• Lebanese foreign minister Gebran Bassil called for 'effective solutions' for the return of Syrian refugees to their country
  • Summit also called for dialogue over growing tensions between Israel and Palestine

BEIRUT: The fourth Arab Economic and Social Development Summit was held in Beirut on Sunday, in an effort to, among other things, find ways to alleviate the suffering of refugees in the Middle East.

The summit, though attended by representatives from 20 Arab nations, was soured by the absence of most Arab heads of state, and was divided over several issues, including the absence of Syrian delegates, and a boycott by Libya.

The summit did, though, call for dialogue with the international community over growing tensions between Israel and Palestine.

Delegates expressed their support for the Palestinian people, and cited the “collective responsibility” of all parties towards maintaining the city of Jerusalem’s “Islamic and Christian identity.”

In a statement, the summit declared: “We reiterate Palestinian refugees’ rights of return and compensation, according to the UN General Assembly’s resolution 194 of 1948.”

Delegates also discussed at great length the need for international cooperation to support the growing digital economy across the region. They emphasized “the importance of building the necessary capacity” to benefit from the digital economy, and praised the initiative launched by the Emir of Kuwait, Sheikh Sabah Al-Ahmad Al-Jaber Al-Sabah, to create a sovereign investment fund to support the development of technology in the Gulf and the Middle East.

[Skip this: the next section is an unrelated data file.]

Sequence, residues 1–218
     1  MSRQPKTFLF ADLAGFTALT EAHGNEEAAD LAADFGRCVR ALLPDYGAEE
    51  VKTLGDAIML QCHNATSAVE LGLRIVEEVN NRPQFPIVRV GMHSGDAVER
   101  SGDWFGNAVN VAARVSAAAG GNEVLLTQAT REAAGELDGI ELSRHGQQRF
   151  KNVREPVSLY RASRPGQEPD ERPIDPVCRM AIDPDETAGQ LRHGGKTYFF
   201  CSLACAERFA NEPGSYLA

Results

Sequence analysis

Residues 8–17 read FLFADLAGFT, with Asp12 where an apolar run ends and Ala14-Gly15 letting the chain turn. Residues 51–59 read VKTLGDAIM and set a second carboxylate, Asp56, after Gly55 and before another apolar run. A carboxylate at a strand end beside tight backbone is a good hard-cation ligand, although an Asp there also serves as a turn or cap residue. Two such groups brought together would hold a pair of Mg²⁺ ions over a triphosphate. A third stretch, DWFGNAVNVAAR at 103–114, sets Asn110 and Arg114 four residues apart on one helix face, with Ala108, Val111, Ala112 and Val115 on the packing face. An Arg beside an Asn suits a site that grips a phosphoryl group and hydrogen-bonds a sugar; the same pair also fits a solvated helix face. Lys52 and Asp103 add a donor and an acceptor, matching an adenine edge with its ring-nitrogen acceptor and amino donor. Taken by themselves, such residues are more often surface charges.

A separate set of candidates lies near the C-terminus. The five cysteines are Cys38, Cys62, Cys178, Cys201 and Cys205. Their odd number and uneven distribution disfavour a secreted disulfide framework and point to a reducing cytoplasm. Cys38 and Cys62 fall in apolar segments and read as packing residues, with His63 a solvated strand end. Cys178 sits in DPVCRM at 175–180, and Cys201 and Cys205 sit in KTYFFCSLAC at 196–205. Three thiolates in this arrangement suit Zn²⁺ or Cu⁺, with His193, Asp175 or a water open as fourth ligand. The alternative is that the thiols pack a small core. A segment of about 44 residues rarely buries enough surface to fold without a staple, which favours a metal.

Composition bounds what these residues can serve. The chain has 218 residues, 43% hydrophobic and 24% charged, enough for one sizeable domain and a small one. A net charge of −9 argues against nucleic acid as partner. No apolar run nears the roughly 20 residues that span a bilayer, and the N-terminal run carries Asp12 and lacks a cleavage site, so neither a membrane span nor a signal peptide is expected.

They urged all Arab nations to “support this initiative to strengthen the joint Arab economy,” and called on other Arab banks and funds to invest in it.

The summit also praised the role of small and medium businesses across the Arab world for their contribution to flourishing Arab economies, as well as the implementation of the Pan-Arab Renewable Energy Strategy 2030, to ensure power across the region becomes cleaner and more sustainable.

The summit was far from harmonious, though, with the Lebanese foreign minister, Gebran Bassil, addressing the hall to ask the international community “to assume its responsibilities by finding effective solutions for the return of Syrian refugees to their country.”

Bassil called on Arab nations and others to “shoulder the burden, honor their commitments and meet the refugees’ needs.”

There were also disputes over the attendance of the Emir of Qatar Sheikh Hamad bin Khalifa Al-Thani, as well as the boycott by Libyan delegates.

“I am saddened because of the absence of the Libyan delegation, and by the circumstances that led to this point,” Arab League president, Ahmed Aboul Gheit, said.

Lebanon’s president, Michel Aoun, echoed the words of his foreign minister, calling on the international community “to exert all efforts to provide the safe return of Syrian refugees to their country, and to present incentives so they can contribute to their country’s reconstruction.”

He proposed the establishment of an international Arab bank to help affected countries overcome the crisis, and invited established Arab funds to Beirut to discuss his proposals.

“I deplore the absence of other Arab presidents and kings, but each of them has his reason. Our union remains of great importance given that we will not be able to address the challenges facing our region and peoples, unless we agree on key issues,” Aoun said.

The next Arab Economic and Social Development Summit will be held in Mauritania in 2023.